Transient-voltage-suppression diodes, also known as TVS diodes or suppressor diodes, are components used in electronic circuits to protect semiconductor components from voltage pulses. TVS diodes only start to conduct, when a short voltage pulse exceeds a certain voltage threshold. They are built in a parallel circuit to ensure, that no voltage can build up above the breakdown voltage and thus act as a protection for certain components.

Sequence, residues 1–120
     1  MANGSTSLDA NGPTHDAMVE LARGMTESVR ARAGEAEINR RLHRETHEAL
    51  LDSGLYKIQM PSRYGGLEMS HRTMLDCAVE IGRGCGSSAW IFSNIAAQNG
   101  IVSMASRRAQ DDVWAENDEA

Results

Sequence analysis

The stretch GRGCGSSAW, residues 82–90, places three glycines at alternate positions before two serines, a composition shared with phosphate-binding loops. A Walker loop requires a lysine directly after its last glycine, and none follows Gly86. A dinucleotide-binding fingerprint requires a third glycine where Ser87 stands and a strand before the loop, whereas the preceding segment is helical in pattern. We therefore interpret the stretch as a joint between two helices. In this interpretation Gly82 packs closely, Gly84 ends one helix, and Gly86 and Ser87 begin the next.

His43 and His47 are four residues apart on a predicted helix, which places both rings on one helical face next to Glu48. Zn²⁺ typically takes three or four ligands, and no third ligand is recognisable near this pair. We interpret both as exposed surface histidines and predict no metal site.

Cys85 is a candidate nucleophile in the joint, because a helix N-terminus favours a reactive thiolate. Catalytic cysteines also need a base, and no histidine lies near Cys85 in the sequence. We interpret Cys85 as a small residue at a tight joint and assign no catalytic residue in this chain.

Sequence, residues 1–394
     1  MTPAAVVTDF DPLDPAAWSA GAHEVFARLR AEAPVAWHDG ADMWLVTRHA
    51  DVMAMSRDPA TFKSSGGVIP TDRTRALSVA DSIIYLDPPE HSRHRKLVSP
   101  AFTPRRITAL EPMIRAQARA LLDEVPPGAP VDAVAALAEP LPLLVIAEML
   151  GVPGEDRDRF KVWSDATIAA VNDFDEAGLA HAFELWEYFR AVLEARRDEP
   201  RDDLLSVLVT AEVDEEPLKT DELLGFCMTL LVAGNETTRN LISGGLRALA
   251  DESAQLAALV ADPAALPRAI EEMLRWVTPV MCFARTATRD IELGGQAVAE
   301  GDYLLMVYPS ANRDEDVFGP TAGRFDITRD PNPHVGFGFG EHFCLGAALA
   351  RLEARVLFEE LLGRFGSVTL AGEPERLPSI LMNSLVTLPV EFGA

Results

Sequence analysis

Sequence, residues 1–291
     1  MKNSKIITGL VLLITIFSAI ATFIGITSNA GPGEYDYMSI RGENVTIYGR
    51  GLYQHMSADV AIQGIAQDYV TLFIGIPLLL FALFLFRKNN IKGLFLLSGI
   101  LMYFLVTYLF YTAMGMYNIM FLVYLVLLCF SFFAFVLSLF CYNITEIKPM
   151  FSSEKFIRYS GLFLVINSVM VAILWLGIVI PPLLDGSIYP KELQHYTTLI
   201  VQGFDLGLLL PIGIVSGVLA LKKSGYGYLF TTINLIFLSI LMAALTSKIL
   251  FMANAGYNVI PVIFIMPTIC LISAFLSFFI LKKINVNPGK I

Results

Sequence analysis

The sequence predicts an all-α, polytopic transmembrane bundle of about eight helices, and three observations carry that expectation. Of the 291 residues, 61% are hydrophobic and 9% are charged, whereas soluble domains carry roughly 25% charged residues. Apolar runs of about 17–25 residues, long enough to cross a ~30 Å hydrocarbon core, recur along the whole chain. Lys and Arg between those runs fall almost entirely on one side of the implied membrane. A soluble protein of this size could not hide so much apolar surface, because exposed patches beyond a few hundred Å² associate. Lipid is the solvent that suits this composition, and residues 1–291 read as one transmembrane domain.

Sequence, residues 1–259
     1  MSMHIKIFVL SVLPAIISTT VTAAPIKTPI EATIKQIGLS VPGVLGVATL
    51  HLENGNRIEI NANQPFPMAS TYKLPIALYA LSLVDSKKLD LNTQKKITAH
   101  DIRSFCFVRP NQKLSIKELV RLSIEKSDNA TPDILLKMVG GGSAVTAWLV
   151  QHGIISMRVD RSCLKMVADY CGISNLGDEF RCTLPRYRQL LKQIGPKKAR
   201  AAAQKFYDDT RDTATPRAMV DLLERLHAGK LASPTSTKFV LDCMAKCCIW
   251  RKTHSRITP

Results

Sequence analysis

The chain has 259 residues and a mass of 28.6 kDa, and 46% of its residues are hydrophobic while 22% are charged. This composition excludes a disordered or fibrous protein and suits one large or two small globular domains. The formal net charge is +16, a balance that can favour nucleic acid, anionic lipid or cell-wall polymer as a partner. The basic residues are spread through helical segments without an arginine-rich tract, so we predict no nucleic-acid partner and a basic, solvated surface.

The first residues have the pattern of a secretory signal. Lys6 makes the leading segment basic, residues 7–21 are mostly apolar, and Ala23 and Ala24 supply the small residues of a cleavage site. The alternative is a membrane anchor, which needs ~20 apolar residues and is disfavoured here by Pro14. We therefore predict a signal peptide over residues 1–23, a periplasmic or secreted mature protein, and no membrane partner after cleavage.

Overvoltage events, in which TVS diodes are used, are, for example, lightning strikes or switching operations in the power grid. With the exception of an overvoltage event, TVS diodes are usually completely neutral.
TVS diodes exist in diverse variants
TVS diodes are available in various configurations. This makes them a versatile component. They are available in a screw-thread design, as an array, as a Surface-Mounted Device (SMD) or as a wired component. They are available as bi- or unidirectional components and maximize their protective function through fast switching speeds in the nanosecond range. TVS diodes are used to protect telecommunications circuits, computers, power supplies, numerically controlled machines, aircraft and data processor circuits.